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U.S. Marine Corps Gen. James L. Jones, NATO’s Supreme Allied Commander, speaks during a news conference on Thursday at Kandahar Airfield about the International Security Assistance Force in Afghanistan. With Jones were senior NATO military and civilian officials, including Greek Adm. Panagiotis Chinofotis, chief of the Hellenic National Defense General Staff, the equivalent to the U.S. chairman of the Joint Chiefs of Staff.
U.S. Marine Corps Gen. James L. Jones, NATO’s Supreme Allied Commander, speaks during a news conference on Thursday at Kandahar Airfield about the International Security Assistance Force in Afghanistan. With Jones were senior NATO military and civilian officials, including Greek Adm. Panagiotis Chinofotis, chief of the Hellenic National Defense General Staff, the equivalent to the U.S. chairman of the Joint Chiefs of Staff. (Jason Chudy / S&S)

KANDAHAR, Afghanistan — More than 2,000 soldiers will be added to the International Security Assistance Force by September to provide security for legislative elections, bringing the total number of its troops in Afghanistan to about 11,000.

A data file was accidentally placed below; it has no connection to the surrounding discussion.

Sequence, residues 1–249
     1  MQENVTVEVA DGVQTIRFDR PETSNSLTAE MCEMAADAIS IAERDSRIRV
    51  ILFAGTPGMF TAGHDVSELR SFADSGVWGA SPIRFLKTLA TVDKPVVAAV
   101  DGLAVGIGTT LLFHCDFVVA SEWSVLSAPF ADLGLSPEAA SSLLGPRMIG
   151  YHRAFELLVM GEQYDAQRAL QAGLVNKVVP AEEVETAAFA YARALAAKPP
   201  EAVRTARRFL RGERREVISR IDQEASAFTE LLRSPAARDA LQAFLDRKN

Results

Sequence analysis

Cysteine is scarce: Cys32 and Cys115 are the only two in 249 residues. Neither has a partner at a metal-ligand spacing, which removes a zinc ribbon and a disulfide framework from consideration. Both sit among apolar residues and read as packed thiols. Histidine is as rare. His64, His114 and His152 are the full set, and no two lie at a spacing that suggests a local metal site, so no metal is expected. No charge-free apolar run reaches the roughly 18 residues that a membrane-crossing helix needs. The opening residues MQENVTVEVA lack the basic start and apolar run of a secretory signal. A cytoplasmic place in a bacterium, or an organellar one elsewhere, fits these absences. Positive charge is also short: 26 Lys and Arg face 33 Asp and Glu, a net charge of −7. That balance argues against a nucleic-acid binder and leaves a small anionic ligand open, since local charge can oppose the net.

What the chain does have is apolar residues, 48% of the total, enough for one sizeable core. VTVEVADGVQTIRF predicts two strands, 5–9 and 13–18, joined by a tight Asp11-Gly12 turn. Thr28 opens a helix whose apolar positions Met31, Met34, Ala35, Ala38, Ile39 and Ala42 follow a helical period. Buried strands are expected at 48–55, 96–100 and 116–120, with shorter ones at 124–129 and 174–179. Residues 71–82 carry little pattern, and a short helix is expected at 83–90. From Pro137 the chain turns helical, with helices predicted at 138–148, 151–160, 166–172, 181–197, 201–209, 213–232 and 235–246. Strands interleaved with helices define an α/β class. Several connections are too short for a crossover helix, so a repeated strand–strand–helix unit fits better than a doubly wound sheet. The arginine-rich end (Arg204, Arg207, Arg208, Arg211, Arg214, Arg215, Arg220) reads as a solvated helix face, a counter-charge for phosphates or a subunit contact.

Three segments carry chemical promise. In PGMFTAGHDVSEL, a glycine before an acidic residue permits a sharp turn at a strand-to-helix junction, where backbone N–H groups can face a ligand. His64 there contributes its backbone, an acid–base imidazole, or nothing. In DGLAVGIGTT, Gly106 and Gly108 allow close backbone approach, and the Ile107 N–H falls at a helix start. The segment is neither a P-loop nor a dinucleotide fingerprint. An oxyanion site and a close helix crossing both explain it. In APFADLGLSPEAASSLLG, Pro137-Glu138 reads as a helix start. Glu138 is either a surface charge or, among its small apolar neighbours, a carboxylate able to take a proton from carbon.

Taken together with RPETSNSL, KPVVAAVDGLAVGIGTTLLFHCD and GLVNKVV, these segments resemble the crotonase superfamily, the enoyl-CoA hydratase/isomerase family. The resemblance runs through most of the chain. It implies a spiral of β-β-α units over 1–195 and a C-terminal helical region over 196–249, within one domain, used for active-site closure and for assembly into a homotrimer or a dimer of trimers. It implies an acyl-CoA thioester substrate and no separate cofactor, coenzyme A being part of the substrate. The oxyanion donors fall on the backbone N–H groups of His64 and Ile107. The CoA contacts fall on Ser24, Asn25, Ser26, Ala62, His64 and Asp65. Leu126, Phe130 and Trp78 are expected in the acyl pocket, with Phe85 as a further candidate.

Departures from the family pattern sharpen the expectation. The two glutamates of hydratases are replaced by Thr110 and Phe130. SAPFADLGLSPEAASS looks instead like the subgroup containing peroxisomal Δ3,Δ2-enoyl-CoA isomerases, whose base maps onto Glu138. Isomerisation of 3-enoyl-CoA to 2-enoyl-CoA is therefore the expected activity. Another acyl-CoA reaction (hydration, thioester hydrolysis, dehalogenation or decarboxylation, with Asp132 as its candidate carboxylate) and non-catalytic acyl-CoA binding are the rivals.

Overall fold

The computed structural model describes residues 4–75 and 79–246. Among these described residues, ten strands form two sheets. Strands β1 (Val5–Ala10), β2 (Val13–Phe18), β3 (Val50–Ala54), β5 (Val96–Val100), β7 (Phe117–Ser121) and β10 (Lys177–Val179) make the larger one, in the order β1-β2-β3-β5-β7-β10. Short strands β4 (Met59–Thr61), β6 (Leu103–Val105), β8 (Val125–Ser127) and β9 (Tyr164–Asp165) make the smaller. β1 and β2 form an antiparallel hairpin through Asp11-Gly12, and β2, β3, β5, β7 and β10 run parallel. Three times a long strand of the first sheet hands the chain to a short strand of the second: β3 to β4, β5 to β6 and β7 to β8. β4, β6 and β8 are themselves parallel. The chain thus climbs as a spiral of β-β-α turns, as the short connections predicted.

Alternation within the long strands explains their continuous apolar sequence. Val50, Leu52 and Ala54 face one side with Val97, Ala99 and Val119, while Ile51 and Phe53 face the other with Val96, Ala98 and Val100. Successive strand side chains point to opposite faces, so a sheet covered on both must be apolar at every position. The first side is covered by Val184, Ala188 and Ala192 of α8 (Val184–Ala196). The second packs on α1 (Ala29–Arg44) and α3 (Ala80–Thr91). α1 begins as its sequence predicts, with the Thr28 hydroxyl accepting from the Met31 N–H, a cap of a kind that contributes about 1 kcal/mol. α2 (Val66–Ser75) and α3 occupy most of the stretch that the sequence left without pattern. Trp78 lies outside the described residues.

Included in those figures will be an additional company of U.S. soldiers, ISAF commander Turkish Lt. Gen. Ethem Erdagi said during a news conference at the Kandahar Airfield on Thursday.

ISAF is made up primarily of NATO forces and is expanding its mission, which was previously restricted to the Kabul area.

U.S. Marine Corps Gen. James L. Jones, NATO’s Supreme Allied Commander, also spoke during a short stop at the base by a handful of military and civilian officials. Jones also serves as head of the U.S. European Command based in Stuttgart, Germany.

NATO is working on expanding its role in Afghanistan, according to the ISAF Web site, and will eventually control about half of the country’s nearly 650,000 square miles.

“[NATO] nations are expressing interest in expansion,” Jones said Thursday at Kandahar’s Morale, Welfare and Recreation center coffee bar. “I’m optimistic we’ll be successful.”

But those successes are coming on concerns about both getting supplies to Afghanistan and a shortage of helicopter and C-130 cargo aircraft for ISAF. “It’s no secret,” Jones said about the shortage. “Countries are taking them back ... [but there is] a constant requirement.”

ISAF officials are working with countries to fix the shortage.

“We know what we need,” added Erdagi.

Jones said that a recent status of forces agreement with Russia may ease the movement of equipment and supplies between Europe and Afghanistan.

“It could lend [itself to become] an alternate means of delivery of supplies ... other than by air,” Jones said, not adding any specific details. “This could make a difference.”

Both Jones and Erdagi said that despite some problems, ISAF is making progress in Afghanistan.

Attacks in areas under ISAF’s control, Erdagi said, are down 50 percent from 18 months ago.

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